Check out the Searchlight Candidate Login which provides the true "power" of the attribution line at the change.gov application page.
The questions on this online application don't ask about Facebook, unless one chooses to provide information. There are 12 sections collecting data, including: contact information, employment experience, education, experience working with various economic sectors (management, private sector, government, nonprofits, and academia), desired position, references, citizenship, and optional data on one's race, ethnicity, etc.
Why is this data stored on Cluen's servers? A recent question on LinkedIn asking about the comparison between online recruiting solutions by Cluen and Dillistone yields three responses in favor of Cluen and two against. Judge for yourself.
I called Cluen's founder, Andrew Shapiro, for a quote, but never heard back.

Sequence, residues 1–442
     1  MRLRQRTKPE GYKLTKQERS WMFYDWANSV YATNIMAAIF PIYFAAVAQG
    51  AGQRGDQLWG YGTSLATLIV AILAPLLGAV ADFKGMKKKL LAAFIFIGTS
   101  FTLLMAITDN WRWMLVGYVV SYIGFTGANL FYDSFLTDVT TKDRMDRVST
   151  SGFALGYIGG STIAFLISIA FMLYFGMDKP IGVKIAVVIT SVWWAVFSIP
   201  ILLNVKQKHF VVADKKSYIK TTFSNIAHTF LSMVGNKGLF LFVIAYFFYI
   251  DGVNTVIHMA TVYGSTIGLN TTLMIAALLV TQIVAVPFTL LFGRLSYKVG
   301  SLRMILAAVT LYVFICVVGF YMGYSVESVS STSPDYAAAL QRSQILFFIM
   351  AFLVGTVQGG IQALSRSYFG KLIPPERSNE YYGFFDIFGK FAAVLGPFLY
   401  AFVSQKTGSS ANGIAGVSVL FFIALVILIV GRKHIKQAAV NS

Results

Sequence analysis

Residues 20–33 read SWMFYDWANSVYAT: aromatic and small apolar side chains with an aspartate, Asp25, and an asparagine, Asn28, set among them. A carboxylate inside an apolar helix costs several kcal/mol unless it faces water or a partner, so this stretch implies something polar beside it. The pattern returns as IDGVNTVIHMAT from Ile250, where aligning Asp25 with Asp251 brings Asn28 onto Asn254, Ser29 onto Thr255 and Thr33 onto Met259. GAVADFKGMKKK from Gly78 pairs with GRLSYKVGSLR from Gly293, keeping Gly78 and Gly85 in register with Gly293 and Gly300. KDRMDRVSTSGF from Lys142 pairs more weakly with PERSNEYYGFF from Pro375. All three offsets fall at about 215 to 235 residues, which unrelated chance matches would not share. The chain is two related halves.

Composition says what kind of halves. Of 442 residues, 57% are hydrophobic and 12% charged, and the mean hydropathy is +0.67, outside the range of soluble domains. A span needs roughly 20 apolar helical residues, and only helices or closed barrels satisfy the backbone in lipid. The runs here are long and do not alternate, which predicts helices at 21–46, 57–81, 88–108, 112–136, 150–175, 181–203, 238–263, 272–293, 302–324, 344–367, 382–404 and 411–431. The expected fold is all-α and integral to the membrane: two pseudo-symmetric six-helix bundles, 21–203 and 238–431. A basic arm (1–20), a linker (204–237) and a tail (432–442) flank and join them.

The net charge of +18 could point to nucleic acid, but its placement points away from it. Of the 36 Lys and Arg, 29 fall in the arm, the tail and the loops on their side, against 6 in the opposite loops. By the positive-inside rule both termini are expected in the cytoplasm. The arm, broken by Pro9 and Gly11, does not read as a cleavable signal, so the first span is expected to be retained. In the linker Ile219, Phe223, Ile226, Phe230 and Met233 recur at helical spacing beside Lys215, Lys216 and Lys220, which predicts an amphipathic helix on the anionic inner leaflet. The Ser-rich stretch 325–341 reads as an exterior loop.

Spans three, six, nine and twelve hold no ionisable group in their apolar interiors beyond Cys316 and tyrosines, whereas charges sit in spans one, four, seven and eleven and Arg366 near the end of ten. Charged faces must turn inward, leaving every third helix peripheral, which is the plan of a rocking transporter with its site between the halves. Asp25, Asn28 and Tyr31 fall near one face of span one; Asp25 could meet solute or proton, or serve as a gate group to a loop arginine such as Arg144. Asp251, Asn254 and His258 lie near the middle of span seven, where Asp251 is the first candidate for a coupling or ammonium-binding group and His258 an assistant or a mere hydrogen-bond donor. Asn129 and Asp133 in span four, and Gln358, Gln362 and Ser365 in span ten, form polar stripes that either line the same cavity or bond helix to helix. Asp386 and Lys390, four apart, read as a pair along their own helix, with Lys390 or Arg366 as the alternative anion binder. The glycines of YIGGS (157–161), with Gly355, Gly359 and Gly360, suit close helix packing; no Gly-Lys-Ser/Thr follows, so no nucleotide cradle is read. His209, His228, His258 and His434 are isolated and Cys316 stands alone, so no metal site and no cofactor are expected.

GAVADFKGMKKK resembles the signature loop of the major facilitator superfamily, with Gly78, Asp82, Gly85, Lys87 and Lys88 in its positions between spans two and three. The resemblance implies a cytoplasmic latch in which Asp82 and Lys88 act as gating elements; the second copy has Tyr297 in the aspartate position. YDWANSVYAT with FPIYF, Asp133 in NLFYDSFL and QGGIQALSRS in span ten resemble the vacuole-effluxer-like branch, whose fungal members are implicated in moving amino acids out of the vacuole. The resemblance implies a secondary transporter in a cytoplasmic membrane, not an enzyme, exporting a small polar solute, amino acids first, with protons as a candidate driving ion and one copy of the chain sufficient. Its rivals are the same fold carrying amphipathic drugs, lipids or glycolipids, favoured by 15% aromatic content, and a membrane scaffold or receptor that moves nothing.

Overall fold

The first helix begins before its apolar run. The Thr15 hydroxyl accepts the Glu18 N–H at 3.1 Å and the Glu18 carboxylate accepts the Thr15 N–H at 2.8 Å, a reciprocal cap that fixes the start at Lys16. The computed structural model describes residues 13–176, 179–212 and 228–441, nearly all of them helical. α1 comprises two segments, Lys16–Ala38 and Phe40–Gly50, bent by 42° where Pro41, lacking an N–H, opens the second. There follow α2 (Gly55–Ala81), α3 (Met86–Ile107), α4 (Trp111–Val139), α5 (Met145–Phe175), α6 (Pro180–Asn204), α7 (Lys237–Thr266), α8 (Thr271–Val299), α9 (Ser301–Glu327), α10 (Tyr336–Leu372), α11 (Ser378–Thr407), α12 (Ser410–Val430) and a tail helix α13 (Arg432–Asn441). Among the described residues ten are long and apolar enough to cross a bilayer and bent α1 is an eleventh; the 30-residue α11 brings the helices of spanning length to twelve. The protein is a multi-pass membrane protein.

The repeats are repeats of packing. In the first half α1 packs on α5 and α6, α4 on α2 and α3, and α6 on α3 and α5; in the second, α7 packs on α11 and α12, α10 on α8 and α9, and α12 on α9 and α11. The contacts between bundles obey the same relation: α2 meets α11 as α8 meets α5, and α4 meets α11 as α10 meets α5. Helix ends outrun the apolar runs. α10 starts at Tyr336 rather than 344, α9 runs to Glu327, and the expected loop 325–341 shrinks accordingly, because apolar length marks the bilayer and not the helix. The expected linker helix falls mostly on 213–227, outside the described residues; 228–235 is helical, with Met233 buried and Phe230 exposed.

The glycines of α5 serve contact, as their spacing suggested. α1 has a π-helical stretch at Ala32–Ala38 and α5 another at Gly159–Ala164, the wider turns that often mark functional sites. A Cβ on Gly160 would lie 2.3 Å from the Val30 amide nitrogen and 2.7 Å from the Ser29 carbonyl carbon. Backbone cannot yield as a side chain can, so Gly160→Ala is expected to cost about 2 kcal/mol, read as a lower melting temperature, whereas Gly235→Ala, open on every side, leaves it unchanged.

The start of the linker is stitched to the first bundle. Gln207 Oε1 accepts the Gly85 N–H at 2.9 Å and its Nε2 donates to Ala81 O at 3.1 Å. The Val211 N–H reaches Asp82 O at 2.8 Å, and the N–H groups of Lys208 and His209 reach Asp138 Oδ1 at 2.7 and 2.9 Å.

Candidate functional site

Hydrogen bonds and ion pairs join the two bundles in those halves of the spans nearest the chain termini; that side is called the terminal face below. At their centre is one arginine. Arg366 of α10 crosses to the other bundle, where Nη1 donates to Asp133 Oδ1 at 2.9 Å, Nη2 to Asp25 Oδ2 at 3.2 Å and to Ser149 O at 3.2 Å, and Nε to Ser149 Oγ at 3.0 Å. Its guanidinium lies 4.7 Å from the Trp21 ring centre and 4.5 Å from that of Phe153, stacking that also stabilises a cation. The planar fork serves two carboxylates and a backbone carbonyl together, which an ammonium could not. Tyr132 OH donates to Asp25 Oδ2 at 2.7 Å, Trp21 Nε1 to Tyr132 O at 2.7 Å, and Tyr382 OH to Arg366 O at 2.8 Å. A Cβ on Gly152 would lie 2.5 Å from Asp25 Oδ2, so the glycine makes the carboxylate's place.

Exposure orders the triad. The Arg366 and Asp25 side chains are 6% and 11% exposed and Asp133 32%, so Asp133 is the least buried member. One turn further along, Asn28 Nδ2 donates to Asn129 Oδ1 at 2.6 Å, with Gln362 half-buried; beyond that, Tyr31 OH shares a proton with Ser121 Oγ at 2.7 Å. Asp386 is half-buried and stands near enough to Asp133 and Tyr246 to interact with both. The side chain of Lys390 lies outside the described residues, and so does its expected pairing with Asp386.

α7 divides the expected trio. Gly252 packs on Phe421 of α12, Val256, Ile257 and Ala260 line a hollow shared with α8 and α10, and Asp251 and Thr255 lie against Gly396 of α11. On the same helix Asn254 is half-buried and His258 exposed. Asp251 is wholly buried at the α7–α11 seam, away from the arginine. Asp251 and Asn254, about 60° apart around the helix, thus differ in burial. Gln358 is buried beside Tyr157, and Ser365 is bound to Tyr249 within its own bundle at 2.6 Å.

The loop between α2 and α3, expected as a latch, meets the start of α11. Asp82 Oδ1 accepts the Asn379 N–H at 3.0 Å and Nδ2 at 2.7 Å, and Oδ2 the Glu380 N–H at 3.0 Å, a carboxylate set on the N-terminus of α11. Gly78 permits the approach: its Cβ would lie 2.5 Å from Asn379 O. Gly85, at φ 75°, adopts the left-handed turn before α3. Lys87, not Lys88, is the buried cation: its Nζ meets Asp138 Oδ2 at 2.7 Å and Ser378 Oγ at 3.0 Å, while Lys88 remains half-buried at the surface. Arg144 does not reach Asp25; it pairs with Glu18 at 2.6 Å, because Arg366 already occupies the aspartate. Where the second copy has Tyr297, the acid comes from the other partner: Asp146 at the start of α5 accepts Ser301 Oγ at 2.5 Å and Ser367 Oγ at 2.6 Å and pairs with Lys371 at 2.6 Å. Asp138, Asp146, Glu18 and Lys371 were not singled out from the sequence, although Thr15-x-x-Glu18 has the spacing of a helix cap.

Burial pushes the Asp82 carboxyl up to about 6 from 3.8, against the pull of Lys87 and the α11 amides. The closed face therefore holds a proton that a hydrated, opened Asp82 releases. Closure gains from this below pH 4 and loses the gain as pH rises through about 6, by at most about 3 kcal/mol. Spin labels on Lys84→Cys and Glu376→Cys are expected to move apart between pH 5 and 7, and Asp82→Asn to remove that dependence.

Obama cares about transparency. After all, he was an original sponsor of the Federal Funding Accountability and Transparency Act of 2006.
Can he or one of his staff answer some questions?
First, I ask the president-elect to provide fuller disclosure to the American people about the nonprofit status of the transition team and the government server on which it's voice is hosted.
Second, I ask the president-elect to explain why social media tends to be a potential obstacle to prevent a qualified individual from a presidential appointment rather than embraced for the transparency it provides.
Third, I ask the president-elect to illustrate the relationship between the taxpayer-funded Change.gov, the nonprofit-funded transition team, and Cluen Corporation; and I ask he explain why prospective White House personnel records (potentially retrievable under Freedom of Information Act requests) are stored with a third-party contractor.
I'm sure it's all legit— so how about some answers?
The online organizing and social networking that engineered Barack Obama's rise to the White House wasn't just an expensive tool, it was a culture. A culture of people who are motivated, informed and demanding, and a culture that will turn on Obama once they suspect they've been used. Read more …
Jacob Perkins discusses the implications of an online presidency @ Change.gov, the Obama administration's official transition Web site. Read more …